We landed on the lowest part of the main landmass we could manage. From there, we have been sending out instruments and probes.
The sea has a smell to it, almost like a cocktail at the wrong sort of party. But it is lovely, crystal and blue.
What arable land there is is crowded with plant life – meadows and little forests running in stripes from the mountains almost to the sea, small animals skittering everywhere. Nothing touches the sea, not even the amphibian-like creatures.
We’ve set up camp beyond the high water mark, just in case.
Planetary Day 16
The seawater is potable, for a certain definition, but it does strange things to one’s mind – drunk or used as washwater. Rainwater, so far, had proven safe, as has a small river an hour’s walk from our camp. The animals all drink from the river or from puddles of rainwater in hollowed stones.
We lost Lei for 3 days; he drank the sea water & wandered off. When we found him, he was on the beach, petting an equally-confused large predator beast (whose fur striped like the landscape). The thing follows him everywhere now, and, while not tame, it is gentle enough.
We’re talking of moving camp further up the mountain.
Planetary Day 119
After the third time we lost Lei, we moved our camp a mile up the mountain, next to the river but outside of its flood plain. At this point, nobody thinks Lei is “accidentally” drinking the water, but there are other concerns.
Animals will sometimes drink from the river too close to the ocean, where backsplash seems to affect them; or sometimes they seem to go a little strange and go diving into the ocean. With a small bird or a scavenger, this can be cute. With a predator as tall as I am at the shoulder, this becomes an issue.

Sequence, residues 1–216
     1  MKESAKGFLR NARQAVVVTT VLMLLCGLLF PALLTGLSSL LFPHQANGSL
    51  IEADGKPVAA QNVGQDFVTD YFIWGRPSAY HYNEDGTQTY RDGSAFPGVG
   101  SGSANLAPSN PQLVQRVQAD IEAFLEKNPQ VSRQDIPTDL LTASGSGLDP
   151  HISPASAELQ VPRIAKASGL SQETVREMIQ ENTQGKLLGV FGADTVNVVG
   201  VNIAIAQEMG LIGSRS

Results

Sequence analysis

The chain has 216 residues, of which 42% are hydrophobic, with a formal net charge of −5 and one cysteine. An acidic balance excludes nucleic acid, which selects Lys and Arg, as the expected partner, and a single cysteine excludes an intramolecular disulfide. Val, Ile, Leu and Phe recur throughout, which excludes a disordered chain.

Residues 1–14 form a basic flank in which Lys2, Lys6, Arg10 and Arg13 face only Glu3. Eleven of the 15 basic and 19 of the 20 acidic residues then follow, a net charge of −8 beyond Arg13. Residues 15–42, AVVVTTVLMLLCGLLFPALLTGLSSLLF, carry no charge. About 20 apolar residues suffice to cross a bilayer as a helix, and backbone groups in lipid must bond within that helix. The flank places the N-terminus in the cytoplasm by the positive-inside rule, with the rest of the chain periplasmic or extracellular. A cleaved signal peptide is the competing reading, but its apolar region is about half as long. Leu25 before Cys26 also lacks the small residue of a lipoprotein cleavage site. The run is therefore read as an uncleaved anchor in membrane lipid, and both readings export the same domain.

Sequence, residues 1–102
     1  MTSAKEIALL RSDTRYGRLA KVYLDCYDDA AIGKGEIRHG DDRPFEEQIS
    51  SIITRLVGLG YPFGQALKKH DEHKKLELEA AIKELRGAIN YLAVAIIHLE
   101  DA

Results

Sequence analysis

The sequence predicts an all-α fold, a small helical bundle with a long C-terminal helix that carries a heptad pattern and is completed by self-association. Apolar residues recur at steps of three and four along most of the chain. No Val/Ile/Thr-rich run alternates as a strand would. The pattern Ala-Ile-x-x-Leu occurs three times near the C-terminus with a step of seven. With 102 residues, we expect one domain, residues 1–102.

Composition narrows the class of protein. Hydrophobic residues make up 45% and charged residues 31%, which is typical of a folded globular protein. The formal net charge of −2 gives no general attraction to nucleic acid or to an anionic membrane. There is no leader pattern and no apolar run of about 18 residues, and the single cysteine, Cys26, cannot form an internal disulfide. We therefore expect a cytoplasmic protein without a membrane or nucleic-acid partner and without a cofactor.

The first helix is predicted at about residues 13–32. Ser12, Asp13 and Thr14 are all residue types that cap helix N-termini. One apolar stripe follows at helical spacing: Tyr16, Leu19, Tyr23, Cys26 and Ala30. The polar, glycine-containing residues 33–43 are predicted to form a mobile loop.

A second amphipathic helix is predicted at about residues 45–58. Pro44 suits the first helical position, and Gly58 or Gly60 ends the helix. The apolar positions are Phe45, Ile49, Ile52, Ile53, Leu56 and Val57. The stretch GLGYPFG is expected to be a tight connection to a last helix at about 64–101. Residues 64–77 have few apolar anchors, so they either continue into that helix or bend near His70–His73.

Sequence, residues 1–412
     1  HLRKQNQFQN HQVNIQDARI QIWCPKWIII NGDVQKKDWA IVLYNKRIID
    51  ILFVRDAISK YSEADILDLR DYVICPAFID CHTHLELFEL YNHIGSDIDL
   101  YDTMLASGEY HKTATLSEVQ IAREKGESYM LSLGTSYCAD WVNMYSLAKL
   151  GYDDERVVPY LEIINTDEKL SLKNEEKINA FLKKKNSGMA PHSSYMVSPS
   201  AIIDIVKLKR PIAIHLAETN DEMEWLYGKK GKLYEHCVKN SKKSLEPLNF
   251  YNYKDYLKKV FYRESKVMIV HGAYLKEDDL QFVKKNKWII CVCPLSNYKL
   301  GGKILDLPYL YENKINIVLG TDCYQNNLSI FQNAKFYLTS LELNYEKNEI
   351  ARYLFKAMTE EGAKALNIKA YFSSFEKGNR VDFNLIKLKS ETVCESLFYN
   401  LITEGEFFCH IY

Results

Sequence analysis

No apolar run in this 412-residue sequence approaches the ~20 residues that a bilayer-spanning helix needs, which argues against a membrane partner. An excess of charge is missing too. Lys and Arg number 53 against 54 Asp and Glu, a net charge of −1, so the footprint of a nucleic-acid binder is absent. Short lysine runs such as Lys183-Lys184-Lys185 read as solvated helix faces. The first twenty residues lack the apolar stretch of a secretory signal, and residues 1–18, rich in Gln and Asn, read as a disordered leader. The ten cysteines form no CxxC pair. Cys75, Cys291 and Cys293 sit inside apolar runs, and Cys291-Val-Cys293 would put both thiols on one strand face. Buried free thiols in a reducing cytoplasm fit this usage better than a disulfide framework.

Luckily, Lei seems to have developed a rapport with these swimming beasts.
Planetary Day 219
As we come closer to the first child being born on this planet – Cori likes to pretend that it was the effects of the water, and we all indulge her – we find more and more problems.
The first, of course, is the ocean, and the problems that the water causes – the drunk animals, the two of our team who appear addicted to it. The second is more complicated, and appears to be a missing mineral in the soil.
We can synthesize what we need to survive, but I fear that the problems stacking up here make settlement unlikely.
Planetary Day 239
We move further and further from the water – as much as that’s possible, with ocean so much of this planet – searching for safe places to raise children and to live.
In a place you cannot see until you are nearly on it, we found a small valley where almost everything is different.
It’s easy to see why; the valley is almost impossible to get into or out of unless you fly. The water here does not touch the ocean directly.
We may have found our settlement-home.
Planetary Day 269
Having found a solution to the water issue, we suddenly have more pressing issues.
The first, of course, is the wildlife. While we’ve left behind those that were drunk on the ocean and thus were erratic, in this valley are three species that have been proving quite annoying.
The first is a tricky little animal that comes up to my knee and has figured out how to let itself into the habitats unless we lock them.
And nobody wants to spend all their time locking and unlocking their house.
But if we don’t, the thing gets into our food, into our beds – Lei found one sleeping with him last night!
And it likes to chew wires.